tedxdirigo logo
TEDxDirigo: RISE State Theatre, Portland, Maine



  • How Do We Select Our Speakers?

    This is the question we get asked the most and is one we think a lot about. When we started TEDxDirigo in 2010 we were almost singularly focused on people with a “Maine idea worth spreading.” What does that mean? Then it meant someone with a significant connection to Maine (lives here, works here, etc.) that had an idea that was separable from a business, organization, or product, that had positive impact in the world, was provocative, and/or bringing something new into the world.

    That remains core to our process, and through experience, debate, and peer learning in the TEDx network we have expanded our conversation to consider other things.

    For example, at our first TEDxDirigo two out of 12 speakers were women. Our friend, Jess Esch, called us out on twitter right away about this. When we reflected on this we developed some interesting insights. Our organizing committee was basically 50/50 men and women, if not more women than men. It was difficult to attribute the gender imbalance in the program to gender imbalance on the team. In fact, the women in the program were nominated by men on the team. When we looked at our nominations, we did find that there were more men nominated then women. We shared stories internally of our experiences asking for nominations and witnessing people struggle to come up with names other than white men. We also realized that when asked if they would speak, women were more hesitant and less confident than men about the opportunity.

    With these insights in hand we came to understand that we were part of a system of bias. As a society, white men more often occupy positions of influence and prestige than others. This has a positive feedback loop for white men and a negative one for anyone else.

    As a platform for innovation and disruption, we could not be complacent in this trend. Since that first event we have paid close attention to the gender, race, and ethnicity of our nominees and selection. In particular, we work to self monitor our blind spots. “Our” being our team’s as well as the community at large.

    In regards to gender, our speaker composition has been close to 50/50 since 2011. Our last event in 2014 was 25/75 men/women.

    That said we are strongly opposed to tokenism, the practice of selecting someone solely based on their gender, race, or ethnicity. Everyone asked to speak at TEDxDirigo have been vetted for authenticity of authorship and we ask ourselves honestly “is this an idea worth spreading?” “Is this something new, worth considering, debating, etc.?” We also ask if someone already has a large platform for sharing their views or not. If they do, do they have something new to share with the world via TEDxDirigo?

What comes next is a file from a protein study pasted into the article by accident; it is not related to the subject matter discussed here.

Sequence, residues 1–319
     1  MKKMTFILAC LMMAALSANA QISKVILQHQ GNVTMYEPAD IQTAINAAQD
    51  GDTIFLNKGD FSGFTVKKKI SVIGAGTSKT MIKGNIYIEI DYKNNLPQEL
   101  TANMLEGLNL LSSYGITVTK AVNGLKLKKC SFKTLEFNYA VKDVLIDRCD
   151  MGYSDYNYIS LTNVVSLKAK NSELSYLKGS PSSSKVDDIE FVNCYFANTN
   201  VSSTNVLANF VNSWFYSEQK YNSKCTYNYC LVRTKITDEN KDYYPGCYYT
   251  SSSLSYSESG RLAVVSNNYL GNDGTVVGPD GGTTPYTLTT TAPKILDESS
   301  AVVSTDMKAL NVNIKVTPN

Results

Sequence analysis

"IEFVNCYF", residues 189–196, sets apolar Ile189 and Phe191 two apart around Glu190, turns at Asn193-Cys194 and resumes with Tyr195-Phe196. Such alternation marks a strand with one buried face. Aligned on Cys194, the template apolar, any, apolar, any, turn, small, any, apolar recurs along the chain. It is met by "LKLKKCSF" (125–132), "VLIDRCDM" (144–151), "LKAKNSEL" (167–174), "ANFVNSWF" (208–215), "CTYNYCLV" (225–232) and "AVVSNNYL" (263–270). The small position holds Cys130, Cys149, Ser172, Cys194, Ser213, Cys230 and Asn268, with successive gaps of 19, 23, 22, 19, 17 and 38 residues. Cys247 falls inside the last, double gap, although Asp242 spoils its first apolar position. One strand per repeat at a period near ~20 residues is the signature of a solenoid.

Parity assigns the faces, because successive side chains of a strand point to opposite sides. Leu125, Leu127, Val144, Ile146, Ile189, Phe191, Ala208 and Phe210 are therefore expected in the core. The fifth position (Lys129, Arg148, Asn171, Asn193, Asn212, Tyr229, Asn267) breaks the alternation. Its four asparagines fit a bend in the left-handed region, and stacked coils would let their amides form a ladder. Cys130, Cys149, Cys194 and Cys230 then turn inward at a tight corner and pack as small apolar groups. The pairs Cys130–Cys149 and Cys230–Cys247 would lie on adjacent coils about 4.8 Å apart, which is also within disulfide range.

Other considerations for us include a diversity of fields and topics. TED originally stood for Technology, Entertainment, and Design. These were selected in 1984 because the founder of TED, Richard Saul Wurman, felt that they were the three fields most dramatically shaping our world. Both this idea of multiple fields, and ideas that are shaping our world remain intact in our process of curation. We go beyond those fields into the sciences, education, and more. And like TED, we look for personal stories of profound insight as well.

    We have also expanded our view to beyond “Maine ideas worth spreading.” When we started TEDxDirigo, we wanted to build a community of creative confidence in the state and to share with the world stories of Mainers beyond lighthouses and lobsters. In these regards, we think we have been very successful. Now we think of TEDxDirigo as a platform to connect Maine with the world’s best ideas, and share Maine ideas worth spreading with the world. We have begun to invite people to speak at the event simply because their insights are hyper relevant to our theme or a challenge or opportunity we are facing.

    The last thing we like people to know is that every year, we are selecting 15-20 speakers from a list of upwards of 200 viable nominations. Often times, we just have to make hard decisions based on the amount of event time we have to work with. Often someone has a great idea and for one reason (like the event theme) or another (like their field of work already being in the program) it is just not the time for them to be in the program. We have had speakers on our list for years, sometimes, before everything comes together for them to be part of the program.

    We always welcome feedback and like Jess Esch’s back in 2010, we always listen, look at ourselves, and if appropriate take action.

  • The 5 Most Viewed TEDxDirigo Talks

    With over 100 TEDxDirigo talks shared to date, you could spend almost a whole week of vacation watching them. As a place to get started, here are the five that have been viewed the most times on TED.com and YouTube. You can view all our talks here.

    Roger Doiron – A Subversive Plot: How to Grow a Revolution in Your Own Backyard

    Zoe Weil – The World Becomes What You Teach

    Dr. Conor Quinn – Hacking Language Learning


    Raphael DiLuzio – 7 Steps of Creative Thinking

    Phuc Tran – Grammar, Identity, and the Dark Side of the Subjunctive